Resisting arrest in Virginia needs more than disregarding police commands
Resisting arrest in Virginia does not take place merely by disregarding police commands, says Fairfax criminal lawyer
Resisting arrest law risks excessive police use for charging unruly criminal defendants, as do charges of disorderly conduct and felony assault on law enforcement. As a Fairfax criminal lawyer, I have my eyes keenly attendant to that reality when defending each client charged with such Virginia offenses. In 2018, Virginia’s resisting arrest law got recodified to be repealed under Va. Code § 18.2-479.1 and recodified with the obstruction of justice statute at § 18.2-460(E), stating:
“Any person who intentionally prevents or attempts to prevent a law-enforcement officer from lawfully arresting him, with or without a warrant, is guilty of a Class 1 misdemeanor [for resisting arrest.. For purposes of this subsection, intentionally preventing or attempting to prevent a lawful arrest means fleeing from a law-enforcement officer when (i) the officer applies physical force to the person, or (ii) the officer communicates to the person that he is under arrest and (a) the officer has the legal authority and the immediate physical ability to place the person under arrest, and (b) a reasonable person who receives such communication knows or should know that he is not free to leave.” Id.
Resisting arrest in Virginia does not require the police officer to say “You are under arrest” so long as s/he applies physical force to the suspect
A resisting arrest conviction in Virginia does not necessitate that the police officer articulate that the suspect is under arrest, so long as the officer applies physical force on the person. While telling the suspect that s/he is under arrest can satisfy that element of the crime, the other way that element can be satisfied is when the officer applies physical force to the person, Id.
Virginia law does not make it resisting arrest merely to disregard a police officer’s command that one is under arrest
A Virginia law enforcement officer’s mere command that a person is under arrest does not by itself qualify for a resisting arrest conviction. Instead, the necessary additional element is that the “officer has the legal authority and the immediate physical ability to place the person under arrest,” Id. This week, the Virginia Court of Appeals found that such police physical ability to place the person under arrest certainly applies when the police officer is able to hit the suspect with his taser and get on top of him. Peters v. Virginia, ___ Va. App. ___ (August 4, 2020).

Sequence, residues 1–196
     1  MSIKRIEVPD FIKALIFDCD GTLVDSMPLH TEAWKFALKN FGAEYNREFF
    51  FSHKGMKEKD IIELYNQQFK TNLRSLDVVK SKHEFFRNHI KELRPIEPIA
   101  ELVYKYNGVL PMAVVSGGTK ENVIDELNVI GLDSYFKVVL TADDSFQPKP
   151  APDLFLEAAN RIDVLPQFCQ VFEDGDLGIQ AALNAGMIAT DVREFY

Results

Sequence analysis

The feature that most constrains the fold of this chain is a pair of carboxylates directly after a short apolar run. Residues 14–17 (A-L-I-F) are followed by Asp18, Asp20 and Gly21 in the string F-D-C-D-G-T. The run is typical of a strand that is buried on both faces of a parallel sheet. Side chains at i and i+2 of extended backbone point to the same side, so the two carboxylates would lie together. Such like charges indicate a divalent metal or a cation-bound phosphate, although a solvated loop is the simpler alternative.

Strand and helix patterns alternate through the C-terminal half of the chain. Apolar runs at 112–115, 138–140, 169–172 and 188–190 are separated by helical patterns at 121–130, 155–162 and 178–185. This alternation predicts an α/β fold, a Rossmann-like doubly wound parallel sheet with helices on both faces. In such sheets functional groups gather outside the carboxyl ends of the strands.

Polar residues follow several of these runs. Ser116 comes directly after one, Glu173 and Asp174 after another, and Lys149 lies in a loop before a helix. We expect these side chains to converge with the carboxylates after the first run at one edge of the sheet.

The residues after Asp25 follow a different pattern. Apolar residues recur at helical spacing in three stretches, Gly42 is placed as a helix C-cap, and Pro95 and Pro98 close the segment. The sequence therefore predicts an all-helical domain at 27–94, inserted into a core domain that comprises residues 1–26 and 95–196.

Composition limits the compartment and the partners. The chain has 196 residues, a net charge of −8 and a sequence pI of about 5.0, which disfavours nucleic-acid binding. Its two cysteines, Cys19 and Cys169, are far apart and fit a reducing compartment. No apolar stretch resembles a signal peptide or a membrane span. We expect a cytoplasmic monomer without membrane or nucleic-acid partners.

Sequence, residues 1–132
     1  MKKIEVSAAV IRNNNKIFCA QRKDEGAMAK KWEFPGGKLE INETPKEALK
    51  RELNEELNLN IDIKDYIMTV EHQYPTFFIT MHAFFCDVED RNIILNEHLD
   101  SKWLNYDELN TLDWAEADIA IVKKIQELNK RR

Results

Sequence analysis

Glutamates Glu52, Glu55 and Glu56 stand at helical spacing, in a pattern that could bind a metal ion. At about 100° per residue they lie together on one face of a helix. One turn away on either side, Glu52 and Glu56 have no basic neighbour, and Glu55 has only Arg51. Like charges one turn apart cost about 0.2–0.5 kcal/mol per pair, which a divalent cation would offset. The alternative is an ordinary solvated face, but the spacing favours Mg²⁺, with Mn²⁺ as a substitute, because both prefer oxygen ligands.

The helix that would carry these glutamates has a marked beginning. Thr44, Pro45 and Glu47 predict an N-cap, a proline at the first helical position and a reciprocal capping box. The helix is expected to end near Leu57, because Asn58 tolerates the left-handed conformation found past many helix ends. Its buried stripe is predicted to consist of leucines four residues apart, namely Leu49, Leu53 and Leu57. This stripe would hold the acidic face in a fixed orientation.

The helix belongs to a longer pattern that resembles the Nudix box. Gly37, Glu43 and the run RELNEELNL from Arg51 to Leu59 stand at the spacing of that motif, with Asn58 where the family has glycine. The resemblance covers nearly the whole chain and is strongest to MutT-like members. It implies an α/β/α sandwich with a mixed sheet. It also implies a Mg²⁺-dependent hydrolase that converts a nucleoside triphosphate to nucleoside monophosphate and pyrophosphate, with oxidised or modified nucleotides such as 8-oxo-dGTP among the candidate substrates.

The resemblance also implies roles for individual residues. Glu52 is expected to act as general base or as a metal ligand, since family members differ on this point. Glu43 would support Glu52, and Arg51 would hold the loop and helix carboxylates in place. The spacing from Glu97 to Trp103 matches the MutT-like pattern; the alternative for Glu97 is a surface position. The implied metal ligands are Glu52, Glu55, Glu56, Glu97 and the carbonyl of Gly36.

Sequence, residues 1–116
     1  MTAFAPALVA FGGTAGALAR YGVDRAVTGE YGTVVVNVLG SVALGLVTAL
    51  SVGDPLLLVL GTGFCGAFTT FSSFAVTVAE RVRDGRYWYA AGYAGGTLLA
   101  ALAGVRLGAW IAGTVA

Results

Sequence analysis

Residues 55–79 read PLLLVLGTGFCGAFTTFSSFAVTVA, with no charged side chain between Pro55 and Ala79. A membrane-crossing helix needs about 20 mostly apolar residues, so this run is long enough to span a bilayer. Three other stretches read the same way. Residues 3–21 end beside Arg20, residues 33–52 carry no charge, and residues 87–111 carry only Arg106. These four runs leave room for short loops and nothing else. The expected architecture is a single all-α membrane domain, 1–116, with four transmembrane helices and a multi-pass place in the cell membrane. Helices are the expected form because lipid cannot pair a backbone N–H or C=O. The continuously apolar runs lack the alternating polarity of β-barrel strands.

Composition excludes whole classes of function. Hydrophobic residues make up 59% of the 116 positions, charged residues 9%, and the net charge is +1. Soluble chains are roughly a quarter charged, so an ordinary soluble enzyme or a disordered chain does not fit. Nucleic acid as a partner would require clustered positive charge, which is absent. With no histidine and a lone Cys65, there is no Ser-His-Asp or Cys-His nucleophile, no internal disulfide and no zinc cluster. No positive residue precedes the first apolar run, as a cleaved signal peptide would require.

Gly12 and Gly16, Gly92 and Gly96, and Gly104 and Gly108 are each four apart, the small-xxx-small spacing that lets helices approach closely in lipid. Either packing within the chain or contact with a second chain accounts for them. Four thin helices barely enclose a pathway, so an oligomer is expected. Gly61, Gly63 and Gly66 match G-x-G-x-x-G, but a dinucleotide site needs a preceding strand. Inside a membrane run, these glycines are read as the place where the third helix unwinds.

Virginia Court of Appeals affirms Peters’s conviction under the “right result for the wrong reason” doctrine
In affirming Peters’s resisting arrest conviction, the Virginia Court of Appeals acknowledges that “trial court erred by holding simply that Peters’s refusal to place his hands behind his back was sufficient for a conviction under Code § 18.2-460(E).”
Nonetheless, Peters affirms his conviction under the “right result for the wrong reason” doctrine, which can also be called the right result for a different reason. “‘Under the right result for the wrong reason doctrine, “it is the settled rule that how[ever] erroneous . . . may be the reasons of the court for its judgment upon the face of the judgment itself, if the judgment be right, it will not be disturbed on account of the reasons.”‘ Peters. It appears that, at the very least, Peters’s actions of continuing to wrestle with the police — rather than simply pulling away from being handcuffed — is what led the Virginia Court of Appeals to affirm his conviction. Merely moving one’s body away from being handcuffed is not resisting arrest in Virginia, because Peters reiterates the continued applicability of Joseph v. Virginia, which reverses a conviction for Joseph for keeping pulling away when police were trying to handcuff him on open arrest warrants.
May I walk away from police if they do not say I am under arrest? Am I free to leave is the ideal inquiry to the police
Based on this resisting arrest discussion — and the fact that we will not always hear police clearly if they say you are under arrest — before leaving any police-initiated encounter, it is ideal to ask the police officer “Am I free to leave?” An affirmative police answer to that question hopefully will eliminate any ambiguity over the matter.
Fairfax criminal lawyer Jonathan L. Katz pursues your best defense against felony, misdemeanor and DUI prosecutions. Call 703-383-1100 for a free in-person meeting with Jon Katz about your court-pending criminal or DWI case.